Pregnancy and baby

Breastfeeding problems

If you have any problems with breastfeeding, it's important to ask for help from your midwife, health visitor or a breastfeeding specialist as soon as possible.

That way issues like sore nipples or breast engorgement can be sorted out early.

Here are some of the problems breastfeeding mums sometimes have, plus tips on how to tackle them.

Sore or cracked nipples

Not enough breast milk

Breast engorgement

Baby is not latching on properly

Too much breast milk

Breastfeeding and thrush

Blocked milk duct

Mastitis

Breast abscess

Breastfeeding and tongue tie

Sore or cracked nipples

Sore nipples are most common about three to seven days into breastfeeding. It usually happens because your baby isn't well positioned and attached at the breast.

Putting up with it could make pain or discomfort worse, so it's important to get help from your midwife, health visitor or breastfeeding specialist as soon as you can.

See more advice on sore nipples.

Not enough breast milk

When you first start breastfeeding, you may worry that your baby isn't getting enough milk. It can take a little while before you feel confident that your baby is getting what they need.

Learn the signs that your baby is getting enough milk.

Offering your baby both breasts at each feed and alternating which breast you start with will help to stimulate your milk supply. So will keeping your baby close and holding them skin to skin.

See more ways to boost your breast milk supply.

Breast engorgement

Breast engorgement is when your breasts get too full of milk. They may feel hard, tight and painful.

Engorgement can happen in the early days when you and your baby are still getting used to breastfeeding. It can take a few days for your milk supply to match your baby's needs.

Engorgement can also happen when your baby is older and not feeding so frequently, perhaps when they start having solid foods

See how to manage breast engorgement.

Baby is not latching on properly

Breastfeeding is a skill that you and your baby need to learn together. It may take you both a while to get the hang of it.

If you are finding breastfeeding painful or your baby doesn't seem to be satisfied after feeds, they may not be latching onto the breast properly.

Find out how to latch your baby on.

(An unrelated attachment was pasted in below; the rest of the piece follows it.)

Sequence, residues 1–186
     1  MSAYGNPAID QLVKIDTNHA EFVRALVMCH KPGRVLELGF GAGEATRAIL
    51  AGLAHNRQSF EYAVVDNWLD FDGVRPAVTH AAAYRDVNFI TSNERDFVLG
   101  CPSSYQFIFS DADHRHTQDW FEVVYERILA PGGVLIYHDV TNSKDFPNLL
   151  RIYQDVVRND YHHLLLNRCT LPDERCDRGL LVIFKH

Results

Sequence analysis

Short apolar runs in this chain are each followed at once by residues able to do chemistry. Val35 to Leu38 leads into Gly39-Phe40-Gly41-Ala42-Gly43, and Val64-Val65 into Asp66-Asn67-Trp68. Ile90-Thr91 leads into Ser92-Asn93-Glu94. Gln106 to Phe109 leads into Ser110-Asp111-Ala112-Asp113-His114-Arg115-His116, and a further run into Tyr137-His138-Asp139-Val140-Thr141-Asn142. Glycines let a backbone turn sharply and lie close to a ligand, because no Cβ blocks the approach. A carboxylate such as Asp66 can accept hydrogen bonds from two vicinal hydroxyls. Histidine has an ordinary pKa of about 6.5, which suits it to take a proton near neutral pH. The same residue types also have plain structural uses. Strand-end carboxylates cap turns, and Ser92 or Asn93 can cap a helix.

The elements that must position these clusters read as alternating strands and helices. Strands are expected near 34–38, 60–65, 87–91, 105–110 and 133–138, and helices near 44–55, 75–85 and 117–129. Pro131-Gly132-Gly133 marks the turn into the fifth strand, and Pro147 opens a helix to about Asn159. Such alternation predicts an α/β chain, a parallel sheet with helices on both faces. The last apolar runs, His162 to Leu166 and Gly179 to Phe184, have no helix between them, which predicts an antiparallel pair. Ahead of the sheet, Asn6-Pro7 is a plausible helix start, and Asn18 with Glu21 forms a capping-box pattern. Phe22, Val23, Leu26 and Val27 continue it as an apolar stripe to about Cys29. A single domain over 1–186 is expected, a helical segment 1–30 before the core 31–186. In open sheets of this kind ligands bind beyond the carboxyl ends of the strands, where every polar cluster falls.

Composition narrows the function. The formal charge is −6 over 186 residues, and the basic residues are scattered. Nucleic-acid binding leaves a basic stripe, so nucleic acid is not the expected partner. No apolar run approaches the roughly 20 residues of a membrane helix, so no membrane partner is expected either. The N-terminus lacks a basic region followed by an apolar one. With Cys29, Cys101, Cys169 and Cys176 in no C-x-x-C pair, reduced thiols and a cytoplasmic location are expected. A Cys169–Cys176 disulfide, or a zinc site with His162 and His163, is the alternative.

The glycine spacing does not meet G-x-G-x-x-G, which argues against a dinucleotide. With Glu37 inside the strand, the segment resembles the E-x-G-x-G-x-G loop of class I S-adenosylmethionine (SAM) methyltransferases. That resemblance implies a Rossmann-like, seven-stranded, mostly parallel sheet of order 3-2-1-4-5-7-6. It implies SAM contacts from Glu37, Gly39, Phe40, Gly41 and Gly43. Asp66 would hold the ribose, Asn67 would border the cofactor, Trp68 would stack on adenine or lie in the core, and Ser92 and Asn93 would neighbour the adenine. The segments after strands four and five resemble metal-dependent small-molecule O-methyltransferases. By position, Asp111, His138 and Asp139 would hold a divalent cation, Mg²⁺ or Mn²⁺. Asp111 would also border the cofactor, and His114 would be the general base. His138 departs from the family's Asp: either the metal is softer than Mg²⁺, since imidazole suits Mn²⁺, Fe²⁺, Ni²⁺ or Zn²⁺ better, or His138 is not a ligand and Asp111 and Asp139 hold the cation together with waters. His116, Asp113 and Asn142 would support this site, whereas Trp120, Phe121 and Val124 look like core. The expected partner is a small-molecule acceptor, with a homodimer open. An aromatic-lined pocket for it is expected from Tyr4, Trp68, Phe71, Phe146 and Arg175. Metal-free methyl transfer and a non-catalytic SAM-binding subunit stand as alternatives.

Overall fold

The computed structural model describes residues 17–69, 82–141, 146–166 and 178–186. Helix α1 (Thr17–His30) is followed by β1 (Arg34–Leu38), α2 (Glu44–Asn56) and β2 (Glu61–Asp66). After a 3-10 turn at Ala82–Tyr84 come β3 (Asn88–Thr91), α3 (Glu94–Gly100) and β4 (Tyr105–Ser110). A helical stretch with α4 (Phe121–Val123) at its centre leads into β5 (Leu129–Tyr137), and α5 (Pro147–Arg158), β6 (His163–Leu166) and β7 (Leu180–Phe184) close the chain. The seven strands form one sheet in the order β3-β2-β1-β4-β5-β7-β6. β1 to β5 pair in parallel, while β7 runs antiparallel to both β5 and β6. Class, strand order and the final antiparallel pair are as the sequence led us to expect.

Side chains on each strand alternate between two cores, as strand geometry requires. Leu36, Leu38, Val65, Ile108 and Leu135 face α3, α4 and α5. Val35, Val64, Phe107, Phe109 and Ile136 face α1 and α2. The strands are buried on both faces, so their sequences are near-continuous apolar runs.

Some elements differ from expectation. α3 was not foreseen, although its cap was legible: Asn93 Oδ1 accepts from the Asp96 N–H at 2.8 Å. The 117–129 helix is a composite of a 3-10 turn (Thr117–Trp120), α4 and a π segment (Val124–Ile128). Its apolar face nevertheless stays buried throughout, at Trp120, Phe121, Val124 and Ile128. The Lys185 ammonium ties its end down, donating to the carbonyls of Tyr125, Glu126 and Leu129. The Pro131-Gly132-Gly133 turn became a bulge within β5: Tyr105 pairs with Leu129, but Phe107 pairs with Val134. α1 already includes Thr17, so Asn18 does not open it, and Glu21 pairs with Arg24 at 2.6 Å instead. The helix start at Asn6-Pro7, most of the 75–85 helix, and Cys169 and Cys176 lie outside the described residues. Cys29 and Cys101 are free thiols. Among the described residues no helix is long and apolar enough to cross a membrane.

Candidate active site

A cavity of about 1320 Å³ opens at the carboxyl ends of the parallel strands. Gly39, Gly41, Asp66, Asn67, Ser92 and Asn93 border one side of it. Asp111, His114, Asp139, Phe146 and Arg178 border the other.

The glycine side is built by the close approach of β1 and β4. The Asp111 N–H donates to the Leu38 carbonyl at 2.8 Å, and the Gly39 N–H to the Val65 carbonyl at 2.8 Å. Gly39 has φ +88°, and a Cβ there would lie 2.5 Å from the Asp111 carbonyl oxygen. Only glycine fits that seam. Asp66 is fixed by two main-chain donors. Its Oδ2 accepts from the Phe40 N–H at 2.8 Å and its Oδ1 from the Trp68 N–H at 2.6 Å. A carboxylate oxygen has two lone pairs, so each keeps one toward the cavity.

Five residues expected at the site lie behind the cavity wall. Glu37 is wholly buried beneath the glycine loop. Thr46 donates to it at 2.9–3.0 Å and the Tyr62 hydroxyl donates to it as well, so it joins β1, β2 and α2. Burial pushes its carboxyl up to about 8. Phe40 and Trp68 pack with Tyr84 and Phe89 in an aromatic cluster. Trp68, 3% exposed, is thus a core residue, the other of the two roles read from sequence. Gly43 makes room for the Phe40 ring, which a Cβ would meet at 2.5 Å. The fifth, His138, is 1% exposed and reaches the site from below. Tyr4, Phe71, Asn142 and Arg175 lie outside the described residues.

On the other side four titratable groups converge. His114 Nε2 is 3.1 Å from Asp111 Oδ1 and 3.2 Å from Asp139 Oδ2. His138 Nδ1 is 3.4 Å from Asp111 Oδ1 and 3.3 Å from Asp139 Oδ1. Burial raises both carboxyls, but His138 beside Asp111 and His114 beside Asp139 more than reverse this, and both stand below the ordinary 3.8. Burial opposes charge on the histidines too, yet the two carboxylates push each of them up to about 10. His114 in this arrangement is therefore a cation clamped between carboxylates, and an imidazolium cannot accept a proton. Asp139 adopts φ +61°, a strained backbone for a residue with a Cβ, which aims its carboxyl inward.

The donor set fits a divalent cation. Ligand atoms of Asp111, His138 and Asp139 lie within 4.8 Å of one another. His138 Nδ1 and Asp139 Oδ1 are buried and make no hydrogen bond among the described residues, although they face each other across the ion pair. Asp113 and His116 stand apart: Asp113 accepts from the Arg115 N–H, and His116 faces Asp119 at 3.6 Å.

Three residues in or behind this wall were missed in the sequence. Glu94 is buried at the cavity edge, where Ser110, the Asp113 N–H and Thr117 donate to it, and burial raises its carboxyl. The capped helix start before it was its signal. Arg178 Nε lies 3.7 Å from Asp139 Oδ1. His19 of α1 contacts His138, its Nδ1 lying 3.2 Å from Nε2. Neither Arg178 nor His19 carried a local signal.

Learn the signs that your baby is well attached.

Too much breast milk

Occasionally women make too much breast milk and their babies struggle to cope.

It's best to get your midwife, health visitor or breastfeeding specialist to watch a feed to see if they can spot why this is happening. They can also show you different positions to help your baby cope with large amounts of milk.

Read more on how to tackle too much breast milk.

Breastfeeding and thrush

Thrush infections can sometimes happen when your nipples become cracked or damaged. This means the candida fungus that causes thrush can get into your nipple or breast.

If you suspect you or your baby has a thrush infection, see your health visitor or GP.

See how to spot the signs of thrush while breastfeeding.

Blocked milk duct

If breast engorgement continues, it can lead to a blocked milk duct. You may feel a small, tender lump in your breast.

Frequent feeding from the affected breast may help. If possible, position your baby with their chin pointing towards the lump so they can feed from that part of the breast.

See more help for blocked milk ducts.

Mastitis

Mastitis (inflammation of the breast) happens when a blocked milk duct isn't relieved. It makes the breast feel hot and painful, and can make you feel very unwell with flu-like symptoms.

It's important to carry on breastfeeding. Starting feeds with the tender breast may help.

See more self-help tips for mastitis.

If you are no better within 12-24 hours, or if you feel worse, contact your GP or out-of-hours service as you may need antibiotics.

Breast abscess

If mastitis is not treated, or if it doesn't respond to treatment, it can lead to a breast abscess, which may need an operation to drain it.

Read more about breast abscesses.

Breastfeeding and tongue tie

In about 4-11% of babies, the strip of skin that attaches the tongue to the floor of the mouth (frenulum) is shorter than usual. This is known as tongue tie.

Some babies who have a tongue tie don't seem to be bothered by it. In others, it can stop the tongue moving freely, which can make it harder for them to breastfeed.

The good news is that tongue tie easily treated.

See the signs of tongue tie in breastfed babies.

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Page last reviewed: 18/07/2016

Next review due: 31/03/2018

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